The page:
About Design track
My father has an illness that slowly breaks his identity to pieces. My sun Nur is gradually starting to learn about the world. I’m in the middle between them: a daughter and a mother, trying to capture some of my father’s essence and feed it to my son. I create objects that hold within them my father’s stories as I remember them, having passed through the filter of my imagination and the time elapse since last I heard them. Every object is also a toy, containing an element of movement or sound and attracting humans to touch and activate it. This way, I imagine I can keep the memories alive and kicking, and that they would gradually permeate into Nur’s life story.
I have chosen to represent five memories: two from my father’s childhood, stories he told me so many times until they were inscribed in my mind; two memories from the time of the illness and disintegration; and one shared memory: my father and I sit in the living room on a leather couch and he sings Lea Goldberg’s Hymn for Hyacinth. I now sing the same song for Nur every night before he sleeps.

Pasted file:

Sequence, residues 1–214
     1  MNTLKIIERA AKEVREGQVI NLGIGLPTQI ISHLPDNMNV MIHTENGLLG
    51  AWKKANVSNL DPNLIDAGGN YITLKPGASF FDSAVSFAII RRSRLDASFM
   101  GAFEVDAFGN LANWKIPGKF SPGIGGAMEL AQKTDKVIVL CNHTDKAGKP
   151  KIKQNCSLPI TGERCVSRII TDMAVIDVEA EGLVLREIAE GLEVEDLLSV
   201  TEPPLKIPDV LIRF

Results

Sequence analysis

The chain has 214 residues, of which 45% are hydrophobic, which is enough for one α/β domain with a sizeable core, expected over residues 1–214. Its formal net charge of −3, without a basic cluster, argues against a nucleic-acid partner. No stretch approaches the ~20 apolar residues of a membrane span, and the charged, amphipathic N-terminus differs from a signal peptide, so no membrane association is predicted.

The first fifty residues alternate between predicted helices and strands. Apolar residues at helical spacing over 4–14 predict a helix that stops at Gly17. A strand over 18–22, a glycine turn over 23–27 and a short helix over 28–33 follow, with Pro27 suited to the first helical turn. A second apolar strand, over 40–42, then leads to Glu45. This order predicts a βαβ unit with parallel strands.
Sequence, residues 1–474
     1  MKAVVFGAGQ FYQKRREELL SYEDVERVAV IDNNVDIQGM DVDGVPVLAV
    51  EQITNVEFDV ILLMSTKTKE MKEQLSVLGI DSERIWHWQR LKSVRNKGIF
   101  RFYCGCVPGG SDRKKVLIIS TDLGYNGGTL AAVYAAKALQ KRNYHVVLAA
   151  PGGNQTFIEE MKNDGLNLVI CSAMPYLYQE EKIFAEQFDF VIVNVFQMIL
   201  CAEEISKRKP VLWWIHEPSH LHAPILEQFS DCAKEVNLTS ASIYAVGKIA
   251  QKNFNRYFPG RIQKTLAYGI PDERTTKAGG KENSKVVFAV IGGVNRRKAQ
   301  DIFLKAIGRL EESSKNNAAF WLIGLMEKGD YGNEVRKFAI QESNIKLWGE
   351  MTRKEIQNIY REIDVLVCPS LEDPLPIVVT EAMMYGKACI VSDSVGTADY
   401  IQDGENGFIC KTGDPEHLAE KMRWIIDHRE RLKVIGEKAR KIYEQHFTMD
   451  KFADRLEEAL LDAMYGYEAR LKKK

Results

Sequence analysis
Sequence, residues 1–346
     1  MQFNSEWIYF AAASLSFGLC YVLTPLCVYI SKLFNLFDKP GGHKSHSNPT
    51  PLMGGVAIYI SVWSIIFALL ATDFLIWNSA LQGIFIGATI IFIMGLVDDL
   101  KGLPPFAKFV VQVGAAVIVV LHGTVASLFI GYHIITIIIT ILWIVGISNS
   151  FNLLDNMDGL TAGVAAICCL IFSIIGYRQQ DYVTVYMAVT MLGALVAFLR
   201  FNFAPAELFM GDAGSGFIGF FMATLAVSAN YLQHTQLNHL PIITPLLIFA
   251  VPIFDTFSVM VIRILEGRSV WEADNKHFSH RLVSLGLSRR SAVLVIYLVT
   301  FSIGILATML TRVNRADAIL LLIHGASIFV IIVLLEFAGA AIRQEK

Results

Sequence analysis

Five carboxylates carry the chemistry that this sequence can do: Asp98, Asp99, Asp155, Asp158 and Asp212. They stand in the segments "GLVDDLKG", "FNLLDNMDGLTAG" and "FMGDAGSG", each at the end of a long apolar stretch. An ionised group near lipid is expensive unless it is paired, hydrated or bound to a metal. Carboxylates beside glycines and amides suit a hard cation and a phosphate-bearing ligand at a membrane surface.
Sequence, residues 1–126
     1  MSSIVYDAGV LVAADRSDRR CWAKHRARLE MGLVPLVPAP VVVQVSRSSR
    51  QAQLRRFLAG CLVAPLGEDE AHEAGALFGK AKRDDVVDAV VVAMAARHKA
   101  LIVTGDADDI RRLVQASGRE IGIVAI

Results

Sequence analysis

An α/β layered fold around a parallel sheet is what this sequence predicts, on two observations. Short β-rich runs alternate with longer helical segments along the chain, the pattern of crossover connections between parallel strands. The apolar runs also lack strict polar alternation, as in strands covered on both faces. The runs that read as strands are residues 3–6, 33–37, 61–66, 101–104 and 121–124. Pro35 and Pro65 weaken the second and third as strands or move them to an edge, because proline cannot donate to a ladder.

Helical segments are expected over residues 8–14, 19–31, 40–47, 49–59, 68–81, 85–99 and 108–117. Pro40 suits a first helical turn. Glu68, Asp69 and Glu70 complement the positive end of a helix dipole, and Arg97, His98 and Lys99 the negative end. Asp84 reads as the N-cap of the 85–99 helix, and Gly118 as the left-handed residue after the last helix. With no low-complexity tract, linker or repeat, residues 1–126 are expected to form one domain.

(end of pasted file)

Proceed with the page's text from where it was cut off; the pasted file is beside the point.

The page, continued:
Together with video and audio recordings of my father and of Nur, the project is thus comprised of five objects, made of porcelain, wood, metal, light and sound, each capturing a story from my father’s life. Each is a kind of keepsake-toy, relying on the mechanisms of existing toys: a music box, a snowball, a magic lantern, a take-apart toy and automata.
This creates a complete, round and live image of my father. I am inspired by a 1990 psychological study by Lawrence Newman, “Remembering vs. Playing”, which demonstrated that children remember toys they’ve been asked to play with compared to toys they were only asked to remember. Play, it appears, has a huge role in shaping memory.